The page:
The case for the Secretary of State
58. Mr Mould submitted that there were two relevant questions for the Secretary of State: (i) was the development likely to have significant effects on the environment, and (ii) did he have sufficient information to enable him sensibly to consider question (i). He properly concluded that he did have sufficient information and that the development was not likely to have significant effects.
59. In Mr Mould's submission, all that British Telecommunications and Lebus established was that, in a case where there is an accepted likelihood of significant effects, it is impermissible to avoid the requirement for an EIA by reference to the possibility of remediation measures: consider, for example, the observation of Sullivan J in para 51 of Lebus that "it was not right to approach the matter on the basis that the significant adverse effects could be rendered insignificant if suitable conditions were imposed" (emphasis added).
60. It is clear from the final decision letter, however, that that reasoning does not apply to the present case. Para 19 of the final decision letter dealt with two separate matters. First, the Secretary of State expressed himself satisfied that he had sufficient information to come to a view on likely effects, and stated his conclusion that the development was unlikely to have significant effects. Secondly, he expressed himself satisfied that the remediation works could properly be dealt with by condition. Thus he was not saying that there were likely to be significant effects but that they would be rendered insignificant by remediation works as required by condition. What he was saying was, first, that there were not likely to be significant effects; and, secondly, that conditions would ensure the exercise of sufficient control over the remediation works where the precise details were not yet known.
61. In forming his view as to likely effects, the Secretary of State was entitled to look at the proposed development as a whole and to take into account the practicalities. The basis of the proposal was that remediation needed to be carried out before the rest of the work, such as the construction of houses on the site, could proceed. The site was first to be put in a state where it was suitable for use. There had been extensive investigation of the site, to the extent possible while structures remained on the site. There was a clear remediation strategy and a stated intention that on completion of the work the site would not constitute contaminated land. There were specific remediation proposals, albeit it was not possible to produce a fully detailed worked-up scheme in advance, in particular because a full survey could not be carried out unless and until the existing structures were removed. On the information before him the Secretary of State was entitled to form the judgment that a development carried out in accordance with the stated remediation strategy was unlikely to give rise to significant effects. He was entitled to take the view that the outstanding details of the remediation works and the elements of uncertainty were not such as to affect that judgment or to create a likelihood of significant effects. In other words this was a case where the Secretary of State was reasonably satisfied that the boundary would not be crossed.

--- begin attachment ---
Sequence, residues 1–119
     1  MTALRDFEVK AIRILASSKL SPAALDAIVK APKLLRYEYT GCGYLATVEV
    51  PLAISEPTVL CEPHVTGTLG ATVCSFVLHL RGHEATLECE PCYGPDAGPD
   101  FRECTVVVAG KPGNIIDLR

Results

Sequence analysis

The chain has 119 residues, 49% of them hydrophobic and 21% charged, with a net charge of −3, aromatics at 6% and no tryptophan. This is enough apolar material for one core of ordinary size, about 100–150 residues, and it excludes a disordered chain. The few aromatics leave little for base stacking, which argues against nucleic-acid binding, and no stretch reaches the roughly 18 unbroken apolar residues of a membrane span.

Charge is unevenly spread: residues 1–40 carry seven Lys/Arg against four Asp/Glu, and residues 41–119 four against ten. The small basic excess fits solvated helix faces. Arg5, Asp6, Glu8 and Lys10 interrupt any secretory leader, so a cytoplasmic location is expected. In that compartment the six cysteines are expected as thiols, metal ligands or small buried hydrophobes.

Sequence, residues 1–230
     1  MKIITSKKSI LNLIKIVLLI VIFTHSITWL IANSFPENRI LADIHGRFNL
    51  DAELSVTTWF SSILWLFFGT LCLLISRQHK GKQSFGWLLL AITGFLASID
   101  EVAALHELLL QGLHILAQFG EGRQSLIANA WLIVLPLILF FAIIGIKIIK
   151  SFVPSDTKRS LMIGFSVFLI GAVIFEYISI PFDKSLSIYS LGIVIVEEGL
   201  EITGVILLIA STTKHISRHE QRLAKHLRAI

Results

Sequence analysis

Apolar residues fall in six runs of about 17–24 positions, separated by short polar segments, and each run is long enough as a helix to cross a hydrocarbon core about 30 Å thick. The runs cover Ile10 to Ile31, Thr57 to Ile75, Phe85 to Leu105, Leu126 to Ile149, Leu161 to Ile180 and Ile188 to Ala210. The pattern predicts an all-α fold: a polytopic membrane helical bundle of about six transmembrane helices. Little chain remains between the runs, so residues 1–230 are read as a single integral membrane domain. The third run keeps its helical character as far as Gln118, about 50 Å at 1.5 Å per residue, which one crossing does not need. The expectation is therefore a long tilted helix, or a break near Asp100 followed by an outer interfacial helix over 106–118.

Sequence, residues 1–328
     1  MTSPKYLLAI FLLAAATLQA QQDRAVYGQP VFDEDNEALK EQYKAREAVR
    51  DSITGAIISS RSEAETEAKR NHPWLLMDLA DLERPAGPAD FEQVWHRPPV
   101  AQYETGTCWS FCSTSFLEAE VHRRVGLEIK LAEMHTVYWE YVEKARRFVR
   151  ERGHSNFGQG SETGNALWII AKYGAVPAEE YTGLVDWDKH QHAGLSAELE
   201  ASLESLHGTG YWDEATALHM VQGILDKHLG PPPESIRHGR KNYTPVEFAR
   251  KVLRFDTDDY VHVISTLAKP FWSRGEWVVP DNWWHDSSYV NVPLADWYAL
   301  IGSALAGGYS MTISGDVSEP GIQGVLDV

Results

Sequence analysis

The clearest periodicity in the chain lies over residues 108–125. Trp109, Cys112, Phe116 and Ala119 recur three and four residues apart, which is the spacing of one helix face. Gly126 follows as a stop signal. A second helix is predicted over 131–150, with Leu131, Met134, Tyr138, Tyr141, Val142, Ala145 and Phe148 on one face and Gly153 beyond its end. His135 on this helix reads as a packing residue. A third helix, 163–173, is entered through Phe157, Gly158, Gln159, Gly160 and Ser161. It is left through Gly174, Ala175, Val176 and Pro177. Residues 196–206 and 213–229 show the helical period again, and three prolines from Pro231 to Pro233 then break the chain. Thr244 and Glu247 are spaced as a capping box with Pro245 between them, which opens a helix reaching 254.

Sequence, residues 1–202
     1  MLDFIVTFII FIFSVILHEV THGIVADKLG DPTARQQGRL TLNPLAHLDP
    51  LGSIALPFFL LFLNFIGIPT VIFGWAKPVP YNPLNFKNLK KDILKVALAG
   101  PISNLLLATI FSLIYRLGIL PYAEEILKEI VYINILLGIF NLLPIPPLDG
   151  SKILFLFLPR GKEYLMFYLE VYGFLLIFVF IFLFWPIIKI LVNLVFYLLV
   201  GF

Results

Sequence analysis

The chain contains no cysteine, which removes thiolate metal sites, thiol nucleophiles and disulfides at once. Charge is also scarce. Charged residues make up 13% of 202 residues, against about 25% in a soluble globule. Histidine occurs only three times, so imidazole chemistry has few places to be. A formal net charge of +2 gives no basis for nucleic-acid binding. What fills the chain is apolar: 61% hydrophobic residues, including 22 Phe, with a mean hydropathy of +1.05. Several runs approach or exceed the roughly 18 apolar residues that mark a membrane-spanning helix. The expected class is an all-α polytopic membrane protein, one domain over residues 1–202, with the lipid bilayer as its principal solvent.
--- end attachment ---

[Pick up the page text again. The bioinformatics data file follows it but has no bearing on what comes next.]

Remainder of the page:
62. There is, submitted Mr Mould, an analogy with a "reserved matters" case such as Milne where it was held that any uncertainty could be sufficiently limited by means of conditions (e.g. tying the development to an illustrative layout) so as to ensure that the actual development would not give rise to a significant impact. Although that case was concerned with the issues that arise where an EIA is admittedly required, a similar approach should apply at the first stage of determining whether an EIA is required at all. Further, the present situation is distinguishable from Hardy, where the authority left over for subsequent assessment an important matter, the bat survey, the outcome of which might call into question the very issue of principle as to whether planning permission should be granted at all.
63. Mr Mould pointed out that the council shared the Secretary of State's view. It expressed the view that a detailed programme for dealing with contamination was needed, but was plainly not in doubt that such a programme could be implemented or that it could be adequately controlled by a condition. SSC's case to the inspector was that insufficient information was available to enable a proper assessment of the risks to be made. That was how the matter was put by SSC's environmental consultant, Mr Hadley (who, it may be noted, was an EIA expert but did not suggest that an EIA was required). The inspector rejected that argument and was satisfied that effective remediation would be achieved (note his conclusion in para 14.16 that contaminated land "would be remediated"). That view was not founded to any significant degree upon the existence of a condition, though he also took the view that a condition was appropriate for working out the details of the remediation programme: his stated reason for condition VI was "in order to achieve land decontamination objectives" (para 13.4). The fact that the council, the inspector and the Secretary of State all reached the conclusion that significant effects were unlikely was also relevant to the question of perversity of that conclusion.